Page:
On August 24, a police officer on duty with the Columbus, Ohio police department named Andrew Mitchell shot and killed sex worker Donna Dalton, leaving her two children motherless. Like others who habitually inflict state sanctioned violence onto the bodies of marginalized people, Mitchell says he “feared” for his life, despite friends describing Dalton as “100 pounds wet.” Images from the crime scene show an undeniably dubious scene: Mitchell was not in uniform and, after picking up Dalton, he wedged his unmarked police car against a building, preventing Dalton’s escape. The cop and his apologists claim that Dalton stabbed him, thus, he argues that his gratuitous violence—eight gunshots—was justified.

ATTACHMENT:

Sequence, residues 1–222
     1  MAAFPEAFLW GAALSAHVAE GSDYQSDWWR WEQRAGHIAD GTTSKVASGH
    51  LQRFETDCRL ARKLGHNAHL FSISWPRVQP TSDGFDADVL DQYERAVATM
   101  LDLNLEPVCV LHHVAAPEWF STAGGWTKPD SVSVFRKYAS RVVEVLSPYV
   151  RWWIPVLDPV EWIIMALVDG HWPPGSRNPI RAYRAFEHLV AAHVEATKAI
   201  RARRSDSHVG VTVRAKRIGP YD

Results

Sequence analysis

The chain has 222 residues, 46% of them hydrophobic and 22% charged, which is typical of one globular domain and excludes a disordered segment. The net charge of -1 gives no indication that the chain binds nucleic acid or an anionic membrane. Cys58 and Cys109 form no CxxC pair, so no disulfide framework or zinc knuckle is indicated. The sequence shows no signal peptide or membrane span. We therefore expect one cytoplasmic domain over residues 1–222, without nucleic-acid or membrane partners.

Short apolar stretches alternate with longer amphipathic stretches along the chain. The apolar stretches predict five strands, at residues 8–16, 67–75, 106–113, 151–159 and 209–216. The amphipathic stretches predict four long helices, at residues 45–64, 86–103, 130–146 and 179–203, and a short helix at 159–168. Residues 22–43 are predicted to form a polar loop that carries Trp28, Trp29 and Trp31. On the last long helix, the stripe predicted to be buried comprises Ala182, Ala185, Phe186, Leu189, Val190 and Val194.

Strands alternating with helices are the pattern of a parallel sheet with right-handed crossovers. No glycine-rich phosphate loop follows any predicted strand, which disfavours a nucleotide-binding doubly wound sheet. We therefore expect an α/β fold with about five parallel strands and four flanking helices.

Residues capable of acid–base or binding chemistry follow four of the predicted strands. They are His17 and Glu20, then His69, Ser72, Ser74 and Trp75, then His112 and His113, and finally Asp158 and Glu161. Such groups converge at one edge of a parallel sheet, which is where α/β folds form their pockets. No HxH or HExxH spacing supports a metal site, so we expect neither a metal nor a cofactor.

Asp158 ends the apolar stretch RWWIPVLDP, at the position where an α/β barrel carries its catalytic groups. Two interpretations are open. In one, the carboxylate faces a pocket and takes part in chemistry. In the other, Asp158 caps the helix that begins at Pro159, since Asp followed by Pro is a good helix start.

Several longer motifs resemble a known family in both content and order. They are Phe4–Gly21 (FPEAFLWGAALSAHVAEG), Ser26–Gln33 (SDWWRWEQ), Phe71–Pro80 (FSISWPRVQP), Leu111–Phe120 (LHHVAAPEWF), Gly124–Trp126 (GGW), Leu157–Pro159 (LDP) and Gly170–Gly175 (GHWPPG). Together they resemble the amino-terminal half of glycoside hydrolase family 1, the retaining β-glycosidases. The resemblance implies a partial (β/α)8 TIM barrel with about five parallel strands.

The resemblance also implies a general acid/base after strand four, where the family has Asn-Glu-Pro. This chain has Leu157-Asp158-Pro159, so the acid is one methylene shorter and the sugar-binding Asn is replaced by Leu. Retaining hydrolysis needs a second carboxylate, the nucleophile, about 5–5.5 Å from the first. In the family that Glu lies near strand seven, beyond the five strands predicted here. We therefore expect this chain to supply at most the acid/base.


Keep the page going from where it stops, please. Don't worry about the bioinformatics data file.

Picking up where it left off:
If a cop has ever cornered you in the sex industry, you know that the experience is its own kind of terrifying, even if you are engaged in legal sex work. The potential for bodily harm at the hands of a cop increases as an individual person’s social capital decreases. This is why so many sex workers and trafficking survivors experience police brutality—not only are we subhuman at a cultural level, we are subhuman at a legal level. Mitchell had an open internal affairs investigation against him at the time of the shooting and many complaints on his record, and he’d already made 80 prostitution-related arrests in 2018. Yet his questionable credibility doesn’t matter when it comes to all these arrests or his shooting of Dalton, because he only requires his status as a cop to justify the criminalization or the killing of a woman suspected of sex work.